U.S. Trade Representative William E. Brock briefed President Reagan yesterday on whether to continue restrictions on shoe imports from Taiwan and Korea, an issue that again will test the administration's free-trade philosophy.

The president, who made no decision yesterday, must determine the future of orderly marketing agreements imposed during the past three years on footwear from Taiwan and Korea. The International Trade Commission recommended keeping restrictions on Taiwanese imports for another two years, except on athletic footwear, and eliminating restraints on shoes from South Korea.

The orderly marketing agreement expires at the end of this month, and Reagan must make a decision before then, an administration official said.

William A. Niskanen Jr., a member of the Council of Economic Advisers, told reporters yesterday the president has been given a wider range of options than just extending or eliminating the orderly marketing agreements.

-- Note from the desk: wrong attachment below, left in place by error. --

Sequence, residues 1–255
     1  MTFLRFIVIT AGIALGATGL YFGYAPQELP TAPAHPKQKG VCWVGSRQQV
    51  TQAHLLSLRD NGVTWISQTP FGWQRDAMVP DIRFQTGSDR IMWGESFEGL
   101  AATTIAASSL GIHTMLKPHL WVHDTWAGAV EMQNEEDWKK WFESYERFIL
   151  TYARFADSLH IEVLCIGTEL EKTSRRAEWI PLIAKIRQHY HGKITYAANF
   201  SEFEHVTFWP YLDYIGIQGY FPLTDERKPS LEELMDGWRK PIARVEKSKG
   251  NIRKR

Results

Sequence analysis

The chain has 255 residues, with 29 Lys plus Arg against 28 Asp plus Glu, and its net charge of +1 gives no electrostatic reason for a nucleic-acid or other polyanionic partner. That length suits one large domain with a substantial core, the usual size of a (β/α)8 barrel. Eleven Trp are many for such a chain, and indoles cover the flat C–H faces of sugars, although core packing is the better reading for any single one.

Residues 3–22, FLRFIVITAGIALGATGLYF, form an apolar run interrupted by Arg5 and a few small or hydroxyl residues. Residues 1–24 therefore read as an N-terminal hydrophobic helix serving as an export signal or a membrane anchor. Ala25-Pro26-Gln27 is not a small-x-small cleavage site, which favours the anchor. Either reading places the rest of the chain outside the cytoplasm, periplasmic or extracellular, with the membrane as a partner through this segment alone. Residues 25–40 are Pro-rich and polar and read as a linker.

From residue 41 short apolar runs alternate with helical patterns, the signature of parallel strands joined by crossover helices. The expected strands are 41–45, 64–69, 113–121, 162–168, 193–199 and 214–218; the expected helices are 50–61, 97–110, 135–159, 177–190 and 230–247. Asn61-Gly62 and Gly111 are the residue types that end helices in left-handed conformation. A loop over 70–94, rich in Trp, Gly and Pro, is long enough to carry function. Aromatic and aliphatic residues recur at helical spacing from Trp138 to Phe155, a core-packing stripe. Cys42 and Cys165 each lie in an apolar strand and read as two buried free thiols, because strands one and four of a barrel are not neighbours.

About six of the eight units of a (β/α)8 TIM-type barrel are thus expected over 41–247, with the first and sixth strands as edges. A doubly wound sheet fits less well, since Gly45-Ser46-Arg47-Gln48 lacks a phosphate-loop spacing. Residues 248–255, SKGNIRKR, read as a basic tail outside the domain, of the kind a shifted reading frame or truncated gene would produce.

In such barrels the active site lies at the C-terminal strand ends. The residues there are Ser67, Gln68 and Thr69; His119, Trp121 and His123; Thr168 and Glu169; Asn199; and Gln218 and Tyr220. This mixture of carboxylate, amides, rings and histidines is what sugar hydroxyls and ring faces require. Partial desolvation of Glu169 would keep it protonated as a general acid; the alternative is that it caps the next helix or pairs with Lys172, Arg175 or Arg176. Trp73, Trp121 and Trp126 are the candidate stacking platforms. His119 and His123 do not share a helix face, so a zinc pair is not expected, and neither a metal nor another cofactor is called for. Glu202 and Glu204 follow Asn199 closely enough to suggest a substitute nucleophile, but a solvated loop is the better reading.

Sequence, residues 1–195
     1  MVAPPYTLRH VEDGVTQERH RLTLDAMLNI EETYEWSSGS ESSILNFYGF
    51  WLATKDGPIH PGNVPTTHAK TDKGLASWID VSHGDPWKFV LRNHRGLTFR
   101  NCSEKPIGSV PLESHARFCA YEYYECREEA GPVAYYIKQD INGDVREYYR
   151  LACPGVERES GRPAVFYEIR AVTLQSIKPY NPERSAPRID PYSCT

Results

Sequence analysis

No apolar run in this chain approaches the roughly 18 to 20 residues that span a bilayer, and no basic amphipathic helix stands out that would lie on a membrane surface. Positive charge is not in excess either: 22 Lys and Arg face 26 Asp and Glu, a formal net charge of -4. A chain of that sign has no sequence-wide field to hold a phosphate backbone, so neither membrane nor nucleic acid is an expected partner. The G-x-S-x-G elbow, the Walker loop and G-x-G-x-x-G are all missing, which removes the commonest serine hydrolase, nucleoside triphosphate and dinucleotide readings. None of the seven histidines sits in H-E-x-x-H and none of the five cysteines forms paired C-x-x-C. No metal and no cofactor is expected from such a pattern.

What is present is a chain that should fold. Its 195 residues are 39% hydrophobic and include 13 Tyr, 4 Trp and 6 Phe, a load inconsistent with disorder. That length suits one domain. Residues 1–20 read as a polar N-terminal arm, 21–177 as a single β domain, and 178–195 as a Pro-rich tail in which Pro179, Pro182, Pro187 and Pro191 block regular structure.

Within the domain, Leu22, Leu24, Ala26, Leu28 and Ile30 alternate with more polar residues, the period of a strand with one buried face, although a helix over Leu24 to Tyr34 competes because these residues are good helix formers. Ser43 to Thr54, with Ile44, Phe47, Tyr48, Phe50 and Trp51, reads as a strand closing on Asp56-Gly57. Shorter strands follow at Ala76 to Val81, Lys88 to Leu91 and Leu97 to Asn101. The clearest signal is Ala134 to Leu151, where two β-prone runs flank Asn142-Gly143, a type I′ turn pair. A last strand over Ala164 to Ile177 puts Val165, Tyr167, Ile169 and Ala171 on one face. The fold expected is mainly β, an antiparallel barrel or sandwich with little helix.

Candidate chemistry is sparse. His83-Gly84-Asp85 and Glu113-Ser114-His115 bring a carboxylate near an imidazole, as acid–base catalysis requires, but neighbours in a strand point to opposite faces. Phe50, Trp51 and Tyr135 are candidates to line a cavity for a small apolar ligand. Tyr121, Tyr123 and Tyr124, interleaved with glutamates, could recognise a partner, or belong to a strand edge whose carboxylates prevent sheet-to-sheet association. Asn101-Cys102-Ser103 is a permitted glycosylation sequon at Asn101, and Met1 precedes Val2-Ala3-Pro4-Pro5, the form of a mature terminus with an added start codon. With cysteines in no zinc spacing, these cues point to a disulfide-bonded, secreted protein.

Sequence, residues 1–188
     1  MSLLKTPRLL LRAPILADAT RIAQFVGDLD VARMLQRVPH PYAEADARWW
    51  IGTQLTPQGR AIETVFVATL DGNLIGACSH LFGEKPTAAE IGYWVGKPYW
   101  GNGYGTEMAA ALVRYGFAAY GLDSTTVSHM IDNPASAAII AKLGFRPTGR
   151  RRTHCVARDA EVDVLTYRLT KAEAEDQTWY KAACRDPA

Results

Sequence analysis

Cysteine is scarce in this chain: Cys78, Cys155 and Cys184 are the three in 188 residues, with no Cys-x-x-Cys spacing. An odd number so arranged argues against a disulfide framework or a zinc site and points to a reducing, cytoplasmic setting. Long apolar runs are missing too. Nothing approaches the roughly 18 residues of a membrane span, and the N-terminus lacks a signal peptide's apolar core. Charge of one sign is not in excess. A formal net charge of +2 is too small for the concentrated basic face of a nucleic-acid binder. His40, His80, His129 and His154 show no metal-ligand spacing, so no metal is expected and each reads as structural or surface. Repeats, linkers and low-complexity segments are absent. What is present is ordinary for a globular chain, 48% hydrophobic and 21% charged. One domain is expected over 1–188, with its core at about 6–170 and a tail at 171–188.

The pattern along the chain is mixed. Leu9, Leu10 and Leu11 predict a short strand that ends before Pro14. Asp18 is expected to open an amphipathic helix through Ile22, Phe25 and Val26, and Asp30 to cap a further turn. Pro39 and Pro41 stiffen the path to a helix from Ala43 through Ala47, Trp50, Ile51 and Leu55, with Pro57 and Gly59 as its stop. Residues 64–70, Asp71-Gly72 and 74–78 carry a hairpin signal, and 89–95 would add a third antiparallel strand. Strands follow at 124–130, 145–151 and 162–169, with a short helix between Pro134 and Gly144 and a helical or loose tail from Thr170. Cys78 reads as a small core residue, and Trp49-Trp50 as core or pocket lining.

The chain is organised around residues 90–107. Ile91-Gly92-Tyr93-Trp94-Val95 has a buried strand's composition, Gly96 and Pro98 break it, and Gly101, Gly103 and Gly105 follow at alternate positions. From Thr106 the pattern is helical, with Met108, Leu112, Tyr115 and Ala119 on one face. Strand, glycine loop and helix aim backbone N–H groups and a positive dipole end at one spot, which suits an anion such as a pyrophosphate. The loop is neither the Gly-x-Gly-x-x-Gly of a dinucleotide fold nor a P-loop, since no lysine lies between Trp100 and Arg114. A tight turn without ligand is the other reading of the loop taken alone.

The agreements didn't help the domestic industry and only led to higher-priced and lower-quality shoes for women's and children's shoes, Niskanen said. He added that the American footwear industry is in "Pretty good shape," partly because during the past several years, many firms consolidated and small businesses dropped out.

The Taiwanese have suggested allowing the quotas to expire for both countries and replacing them with an import-monitoring system having an antisurge device to control any unexpected serious competition for domestic shoemakers.

House Speaker Thomas P. O'Neill of Massachusetts and a group of congressmen have asked for a three-year extension of restrictions on shoe imports from both countries. They said the 127,000 workers in the American shoe industry are low-paid and that shoe imports continue to threaten the domestic industry.

The congressmen said if restrictions are removed from Korea, it could take over the shoe-import market left open by Taiwan.

The ITC ruled that Korea, a major athletic-shoe exporter, no longer threatens U.S. producers. But the commission added that Taiwan's producers of regular shoes could threaten domestic shoemakers. Taiwan and Korea last year had 50 percent of the U.S. shoe import market compared with 61 percent before the orderly marketing agreements.